THE European Commission smells blood. It spies a set of counterpart Brexit negotiators who are still burdened with the critical mistake they made on Day One. Rather than run a de-accession process, building up from the foundations on what might make trade flow smoothly, Whitehall instead took on Brexit as a surprise damage limitation exercise leaving it constantly trying to repaper a condemned house.
Even this hapless task has been hindered by MPs, most from the Opposition benches but with key figures from within Government, doing their level best to remove the key negotiating levers the UK holds – from military association and security cooperation, through withholding the cash and demanding proper share of assets, to a tough line on fisheries access, all based on international law and best bilateral practice. Worst, their manoeuvres to make the negotiating default of a Managed No Deal evaporate have removed the core incentive for the European Commission, via pressure from the European Council, to deliver on any of the UK’s Brexit objectives.
It would be harder to engineer a more useful fifth column for the Berlaymont if you had actually wanted one and tried.
Ignore the so-called red lines; there is one huge blue one. You can forget all this nonsense about how the Commission can’t insert either an end date or an exit clause into the Irish Backstop, supposedly because of the integrity of the Single Market, the sustenance of the legal order, or some ethical move in support of a small member state. This pretence falls somewhere between blarney and a breach of the EU’s own rules on honest telemarketing. Brussels has an outstanding record in bending the rules whenever it suits, including for extended periods of a decade and a half – so long as it’s about a political fix, and until people start to complain significantly, which is long enough to cover for an alternative development to the Northern Ireland clauses. The simple reason why Barnier can’t be bothered to do so on this occasion is that he doesn’t think he has to, and nobody from the key capitals is yet phoning up in a flap urging him to. Yet.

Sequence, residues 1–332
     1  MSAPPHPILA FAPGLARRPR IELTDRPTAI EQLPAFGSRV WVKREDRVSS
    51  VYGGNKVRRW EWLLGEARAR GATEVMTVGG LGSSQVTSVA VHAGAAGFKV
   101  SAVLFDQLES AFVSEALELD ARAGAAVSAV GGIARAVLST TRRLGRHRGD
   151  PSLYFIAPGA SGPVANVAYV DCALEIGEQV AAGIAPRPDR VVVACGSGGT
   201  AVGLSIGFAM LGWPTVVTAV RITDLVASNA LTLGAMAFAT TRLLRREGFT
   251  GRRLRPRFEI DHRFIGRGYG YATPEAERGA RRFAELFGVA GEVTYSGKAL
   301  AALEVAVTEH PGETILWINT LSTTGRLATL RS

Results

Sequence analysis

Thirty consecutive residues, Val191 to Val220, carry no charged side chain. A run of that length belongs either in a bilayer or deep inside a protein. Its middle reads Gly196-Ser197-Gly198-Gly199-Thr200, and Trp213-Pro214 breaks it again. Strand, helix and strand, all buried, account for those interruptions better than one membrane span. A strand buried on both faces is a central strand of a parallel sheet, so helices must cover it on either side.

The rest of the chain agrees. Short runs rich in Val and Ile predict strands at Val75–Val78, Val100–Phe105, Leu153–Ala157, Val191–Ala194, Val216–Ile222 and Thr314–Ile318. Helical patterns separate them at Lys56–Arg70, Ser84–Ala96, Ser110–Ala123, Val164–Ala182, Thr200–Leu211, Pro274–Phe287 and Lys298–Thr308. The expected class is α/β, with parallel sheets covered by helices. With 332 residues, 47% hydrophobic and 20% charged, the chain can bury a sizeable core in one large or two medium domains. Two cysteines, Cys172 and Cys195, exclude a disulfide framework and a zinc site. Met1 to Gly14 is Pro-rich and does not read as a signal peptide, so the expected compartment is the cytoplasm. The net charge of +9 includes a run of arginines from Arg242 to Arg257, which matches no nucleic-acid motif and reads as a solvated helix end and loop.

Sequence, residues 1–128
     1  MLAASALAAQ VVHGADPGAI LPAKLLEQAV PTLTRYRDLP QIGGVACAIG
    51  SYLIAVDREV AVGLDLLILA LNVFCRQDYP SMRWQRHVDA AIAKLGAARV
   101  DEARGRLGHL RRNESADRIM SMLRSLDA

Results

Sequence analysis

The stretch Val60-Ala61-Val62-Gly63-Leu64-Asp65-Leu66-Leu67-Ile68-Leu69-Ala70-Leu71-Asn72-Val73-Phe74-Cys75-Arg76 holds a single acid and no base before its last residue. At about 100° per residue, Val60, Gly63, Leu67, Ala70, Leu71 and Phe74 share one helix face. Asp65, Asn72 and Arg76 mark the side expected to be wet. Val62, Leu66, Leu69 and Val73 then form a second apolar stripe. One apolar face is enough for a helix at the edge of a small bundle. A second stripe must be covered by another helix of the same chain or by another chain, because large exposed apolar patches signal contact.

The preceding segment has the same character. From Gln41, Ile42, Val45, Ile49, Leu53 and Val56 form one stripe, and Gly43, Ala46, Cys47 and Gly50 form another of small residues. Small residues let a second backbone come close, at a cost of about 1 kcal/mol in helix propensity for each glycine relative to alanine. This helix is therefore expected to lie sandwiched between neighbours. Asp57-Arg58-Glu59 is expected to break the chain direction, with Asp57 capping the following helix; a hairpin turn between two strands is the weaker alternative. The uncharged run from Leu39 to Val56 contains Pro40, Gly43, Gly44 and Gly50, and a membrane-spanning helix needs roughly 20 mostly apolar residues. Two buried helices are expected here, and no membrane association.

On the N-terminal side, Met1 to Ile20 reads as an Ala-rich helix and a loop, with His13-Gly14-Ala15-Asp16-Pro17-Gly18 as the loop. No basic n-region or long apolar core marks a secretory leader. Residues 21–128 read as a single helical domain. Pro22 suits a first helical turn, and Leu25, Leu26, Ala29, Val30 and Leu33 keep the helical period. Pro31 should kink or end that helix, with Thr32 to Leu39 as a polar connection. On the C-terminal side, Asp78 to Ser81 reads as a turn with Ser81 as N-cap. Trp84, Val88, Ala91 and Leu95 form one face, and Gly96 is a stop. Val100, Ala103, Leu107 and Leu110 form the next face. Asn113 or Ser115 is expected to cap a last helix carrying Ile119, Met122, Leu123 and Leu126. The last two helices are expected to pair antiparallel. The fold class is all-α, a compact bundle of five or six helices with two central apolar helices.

Meanwhile, for all the banter to the contrary, it does indeed suit the EU to lock the UK in the half way house of the Withdrawal Agreement avec Backstop.
Under the WA, the EU maintains a veto over departure; by including a limited semi-exit clause, it furthermore cheekily excludes the more generous default options of the Vienna Convention from applying instead. It also, however, in Article 18 of the Backstop includes an important Partial Suspension Clause, whereby any material gain that the UK or Northern Ireland does get from the new arrangement can be ended by the Commission. All the while, the obligations arising from the new default Customs Union and Regulatory Union, but generated without either the customary right of input provided for EU member states nor the right of sectoral withdrawal provided for an EEA member state, will be anticipated to be the spur that will encourage the UK to ‘right its historic mistake’ and ultimately rejoin the EU under a different government. We can all nominate certain self-important types on the green benches whom we suspect that even now see as their destiny as a future PM.